Oman 6355.28 21648.57 15293.29 83.9 73.2 -10.7
Timor-Leste 387.83 453.32 65.49 89.5 80.2 -9.3
Philippines 1059.38 1843.95 784.56 39.5 32.9 -6.6
Singapore 23915.62 39949.51 16033.88 41.6 35 -6.6
Kuwait 15089.73 54260.08 39170.36 82.6 76.8 -5.8
China 604.23 3413.59 2809.36 51.2 46.7 -4.5
Iran 1540.68 4699.90 3159.21 49.9 45.7 -4.2
Sri Lanka 720.66 2019.99 1299.33 46.6 42.9 -3.7
Malaysia 4313.52 8211.51 3897.99 47.3 44.1 -3.2
Saudi Arabia 7796.67 19200.42 11403.75 67.8 64.9 -2.9
Japan 41967.65 38267.92 -3699.74 83 80.9 -2.1

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ANALYSIS
Government funding percentage Government funding percentage
decreased: increased:
These countries had achieved universal These countries did not have long
coverage history of universal coverage
Governments seek more private Government has political motive for
financing universal coverage.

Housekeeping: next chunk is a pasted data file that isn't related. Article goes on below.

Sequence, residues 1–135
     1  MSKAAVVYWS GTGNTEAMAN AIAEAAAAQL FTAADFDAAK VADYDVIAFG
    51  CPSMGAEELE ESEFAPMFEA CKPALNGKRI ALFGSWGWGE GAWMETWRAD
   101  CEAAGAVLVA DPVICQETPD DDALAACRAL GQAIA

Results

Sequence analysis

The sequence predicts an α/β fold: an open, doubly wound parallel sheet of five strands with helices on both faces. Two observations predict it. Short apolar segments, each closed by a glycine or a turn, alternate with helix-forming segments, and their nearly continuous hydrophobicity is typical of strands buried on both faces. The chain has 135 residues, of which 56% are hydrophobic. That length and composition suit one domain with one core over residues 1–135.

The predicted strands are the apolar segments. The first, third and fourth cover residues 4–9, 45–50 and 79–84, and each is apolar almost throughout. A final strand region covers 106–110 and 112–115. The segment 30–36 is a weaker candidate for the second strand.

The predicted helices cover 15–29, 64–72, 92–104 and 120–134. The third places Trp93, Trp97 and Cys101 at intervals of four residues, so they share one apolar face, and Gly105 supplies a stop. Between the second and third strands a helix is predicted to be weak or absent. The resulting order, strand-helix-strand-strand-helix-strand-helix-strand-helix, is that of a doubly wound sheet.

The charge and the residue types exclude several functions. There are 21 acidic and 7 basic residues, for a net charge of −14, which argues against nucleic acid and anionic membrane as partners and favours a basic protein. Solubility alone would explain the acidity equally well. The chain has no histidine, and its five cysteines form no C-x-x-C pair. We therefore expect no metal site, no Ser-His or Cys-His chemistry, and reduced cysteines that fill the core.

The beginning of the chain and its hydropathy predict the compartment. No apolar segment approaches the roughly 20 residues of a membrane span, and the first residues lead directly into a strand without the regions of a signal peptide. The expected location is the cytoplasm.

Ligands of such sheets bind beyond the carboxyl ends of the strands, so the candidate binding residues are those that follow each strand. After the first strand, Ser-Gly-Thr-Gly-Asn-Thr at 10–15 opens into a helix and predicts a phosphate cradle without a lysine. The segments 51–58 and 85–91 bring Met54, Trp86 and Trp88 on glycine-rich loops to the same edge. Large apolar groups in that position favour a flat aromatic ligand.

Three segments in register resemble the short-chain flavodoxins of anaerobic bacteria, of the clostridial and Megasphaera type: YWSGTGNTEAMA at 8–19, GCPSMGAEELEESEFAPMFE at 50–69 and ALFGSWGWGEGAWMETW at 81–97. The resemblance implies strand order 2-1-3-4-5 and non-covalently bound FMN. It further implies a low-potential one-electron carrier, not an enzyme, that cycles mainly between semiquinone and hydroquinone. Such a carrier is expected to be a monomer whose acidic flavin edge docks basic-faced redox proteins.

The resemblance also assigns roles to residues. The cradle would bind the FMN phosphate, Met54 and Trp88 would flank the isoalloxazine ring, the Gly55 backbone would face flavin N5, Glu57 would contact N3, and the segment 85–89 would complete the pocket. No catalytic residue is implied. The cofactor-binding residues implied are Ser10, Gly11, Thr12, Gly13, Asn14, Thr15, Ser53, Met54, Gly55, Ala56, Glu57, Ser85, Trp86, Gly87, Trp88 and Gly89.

Members of communities are not Try to cover the poor
satisfied with government service Using massive government revenue to
provision: e.g Malaysia finance universal coverage.
More private hospitals and private May contract private hospitals for more
financing equitable health service
ANALYSIS
More Public Finance
Some Government want the Universal coverage for humanity and political reasons
International pressure for more universalism

More Private Finance


Some members of communities (the affluent ones) demand better health service
Some governments view private financing as the key for reducing government
budget on health
FUNDAMENTAL PROBLEMS TO MOVE CLOSER TO
UNIVERSAL COVERAGE
Availability of resources
Overreliance of direct payments at the time people need care
The inefficient and inequitable use of resources
WHO RECOMENDATIONS
1. Raising sufficient resources for health
 Increase the efficiency of revenue collection
 Reprioritize government budgets
 Innovative financing, i.e sin tax

2. Removing financial risks and barriers to access


 Prepayment methods
 Pooled funds
 Cross-subsidization
Other barriers to accessing health services: transport costs, lost income  refunds, vouchers, conditional
cash transfer

3. Promoting efficiency and eliminating waste


 Good governance